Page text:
Tatted Ring Types
When a new tatter asked me to explain how a center ring is different from a normal tatted ring, I was surprised. When he further questioned why a josephine ring was not called a ring at all but a knot, I knew it was time to make a list of all the different types of rings that we create in tatting. This is my list so far. Please help me add to it. I am missing a photo or illustration for the square ring. If you have one please send it in.
A = the traditional ovoid tatted ring
B = a round center ring with hidden cut tails
C = a modern tatted ring using a mock picot to climb out
A modern tatted ring using a mock picot to climb out followed by a split ring (needle tatted
A modern tatted ring using a mock picot to climb out followed by a beaded split ring (shuttle tatted)
The 18 ring motif which features outward facing rings with a split ring to climb out followed by chains with floating rings (made with shuttle 2 or a second needle usually)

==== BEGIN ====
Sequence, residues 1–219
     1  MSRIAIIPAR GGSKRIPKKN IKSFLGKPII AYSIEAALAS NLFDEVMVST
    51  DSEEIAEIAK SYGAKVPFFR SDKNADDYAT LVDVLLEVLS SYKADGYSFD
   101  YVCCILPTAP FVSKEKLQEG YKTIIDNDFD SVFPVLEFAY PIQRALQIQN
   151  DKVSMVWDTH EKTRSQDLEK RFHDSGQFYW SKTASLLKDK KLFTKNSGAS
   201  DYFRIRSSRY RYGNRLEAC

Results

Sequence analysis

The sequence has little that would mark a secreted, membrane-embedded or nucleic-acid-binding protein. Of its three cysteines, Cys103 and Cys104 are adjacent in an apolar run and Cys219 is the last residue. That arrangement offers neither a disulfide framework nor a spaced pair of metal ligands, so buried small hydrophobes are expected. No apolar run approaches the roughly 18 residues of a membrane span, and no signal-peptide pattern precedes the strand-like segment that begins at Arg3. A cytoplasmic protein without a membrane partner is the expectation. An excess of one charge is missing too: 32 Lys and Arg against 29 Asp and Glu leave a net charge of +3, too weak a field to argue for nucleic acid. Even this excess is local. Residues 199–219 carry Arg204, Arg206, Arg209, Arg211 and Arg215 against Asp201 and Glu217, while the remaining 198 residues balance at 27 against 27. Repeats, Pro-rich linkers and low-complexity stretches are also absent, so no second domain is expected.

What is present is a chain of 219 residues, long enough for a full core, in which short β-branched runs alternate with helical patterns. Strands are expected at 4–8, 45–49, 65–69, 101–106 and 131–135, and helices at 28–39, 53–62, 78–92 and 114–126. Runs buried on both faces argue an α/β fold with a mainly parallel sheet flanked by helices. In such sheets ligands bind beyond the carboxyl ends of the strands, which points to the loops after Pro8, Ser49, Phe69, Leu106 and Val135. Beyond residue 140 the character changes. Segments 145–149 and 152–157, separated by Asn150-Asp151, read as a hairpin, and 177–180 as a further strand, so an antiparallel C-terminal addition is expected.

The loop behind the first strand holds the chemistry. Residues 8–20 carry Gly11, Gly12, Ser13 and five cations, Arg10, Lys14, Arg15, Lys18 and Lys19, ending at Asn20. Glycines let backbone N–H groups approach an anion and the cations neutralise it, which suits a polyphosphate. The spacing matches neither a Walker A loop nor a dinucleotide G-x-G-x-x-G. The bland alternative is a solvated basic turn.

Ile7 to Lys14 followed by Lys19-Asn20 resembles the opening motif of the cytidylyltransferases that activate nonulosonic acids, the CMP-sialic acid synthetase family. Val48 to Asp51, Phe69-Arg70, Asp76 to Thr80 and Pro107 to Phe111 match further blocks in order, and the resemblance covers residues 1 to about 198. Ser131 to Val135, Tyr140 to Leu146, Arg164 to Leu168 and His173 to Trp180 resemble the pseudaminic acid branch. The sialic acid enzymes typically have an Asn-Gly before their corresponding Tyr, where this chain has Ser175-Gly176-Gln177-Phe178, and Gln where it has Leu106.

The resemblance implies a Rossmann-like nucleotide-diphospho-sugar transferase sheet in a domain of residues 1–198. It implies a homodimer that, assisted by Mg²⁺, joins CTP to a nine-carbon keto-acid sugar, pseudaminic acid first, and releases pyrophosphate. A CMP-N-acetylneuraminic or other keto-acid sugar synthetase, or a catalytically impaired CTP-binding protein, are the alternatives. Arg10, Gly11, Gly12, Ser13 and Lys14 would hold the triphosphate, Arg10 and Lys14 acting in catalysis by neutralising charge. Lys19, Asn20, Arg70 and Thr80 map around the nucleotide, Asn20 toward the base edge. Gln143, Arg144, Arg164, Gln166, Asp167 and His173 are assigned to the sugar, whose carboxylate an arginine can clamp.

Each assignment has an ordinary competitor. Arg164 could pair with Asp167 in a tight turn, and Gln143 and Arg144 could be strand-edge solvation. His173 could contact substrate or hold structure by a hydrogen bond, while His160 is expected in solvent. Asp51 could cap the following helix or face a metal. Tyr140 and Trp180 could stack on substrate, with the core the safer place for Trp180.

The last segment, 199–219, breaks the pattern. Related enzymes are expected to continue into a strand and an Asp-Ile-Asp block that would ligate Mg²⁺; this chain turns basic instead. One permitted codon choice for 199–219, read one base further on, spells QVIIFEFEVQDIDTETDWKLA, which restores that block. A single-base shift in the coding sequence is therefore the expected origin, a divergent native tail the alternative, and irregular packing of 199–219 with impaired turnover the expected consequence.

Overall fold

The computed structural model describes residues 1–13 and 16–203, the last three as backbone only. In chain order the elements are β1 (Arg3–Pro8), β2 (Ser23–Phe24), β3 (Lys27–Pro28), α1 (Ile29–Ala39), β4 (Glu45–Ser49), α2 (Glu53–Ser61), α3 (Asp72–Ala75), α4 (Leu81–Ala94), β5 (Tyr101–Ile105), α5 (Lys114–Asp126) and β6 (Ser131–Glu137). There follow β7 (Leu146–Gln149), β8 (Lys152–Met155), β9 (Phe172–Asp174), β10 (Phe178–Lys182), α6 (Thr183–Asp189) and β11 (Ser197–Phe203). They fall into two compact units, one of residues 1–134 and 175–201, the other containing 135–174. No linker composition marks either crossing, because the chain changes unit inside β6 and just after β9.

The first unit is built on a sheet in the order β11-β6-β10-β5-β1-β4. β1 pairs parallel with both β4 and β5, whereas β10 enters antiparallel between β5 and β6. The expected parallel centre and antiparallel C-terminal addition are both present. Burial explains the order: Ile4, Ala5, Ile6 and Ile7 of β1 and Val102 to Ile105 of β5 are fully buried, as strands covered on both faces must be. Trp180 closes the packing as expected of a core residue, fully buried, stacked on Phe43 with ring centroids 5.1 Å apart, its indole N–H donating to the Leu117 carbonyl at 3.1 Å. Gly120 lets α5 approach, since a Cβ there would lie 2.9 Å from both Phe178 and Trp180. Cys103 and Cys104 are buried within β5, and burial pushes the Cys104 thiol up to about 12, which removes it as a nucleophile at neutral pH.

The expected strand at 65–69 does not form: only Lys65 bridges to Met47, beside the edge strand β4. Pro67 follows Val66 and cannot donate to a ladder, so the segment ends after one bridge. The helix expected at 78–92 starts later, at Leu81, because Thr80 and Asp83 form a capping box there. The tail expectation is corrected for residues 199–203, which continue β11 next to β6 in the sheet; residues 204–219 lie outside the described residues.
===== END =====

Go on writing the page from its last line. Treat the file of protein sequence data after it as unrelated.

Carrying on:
The pattern for the previous motif. The 5 inner rings are 6 - 2 - 2 - 6 but the last split ring is 6 - 2 / 2 - 6
The basic onion ring, i.e., ring surrounded by ring
The basic onion ring of 2 layers followed by a chain with floating rings
The basic onion ring of 2 layers followed by a chain with floating rings using 3 shuttles/colors
The half-closed ring, a traditional oft used design element
A starter picot; also used to begin a self-closing mock ring
A long decorative tatted chain folded back and joined to itself to make a self-closing mock ring
A "captured ring" aka as the alligator join
A ring with a floating ring thrown off by using the loop tail as a shuttle method
A series of single shuttle split rings
A split ring closed by bringing the loop tail up and over the ring and tightened
Split rings with regular ring
A finger tatted flower with tiny josephine rings
A ring made with the roll stitch
A ring inside a ring using two shuttles, aka, the maltese ring.
Editor's Picks Articles
Top Ten Articles
Content copyright © 2019 by Georgia Seitz. All rights reserved.
This content was written by Georgia Seitz. If you wish to use this content in any manner, you need written permission. Contact Georgia Seitz for details.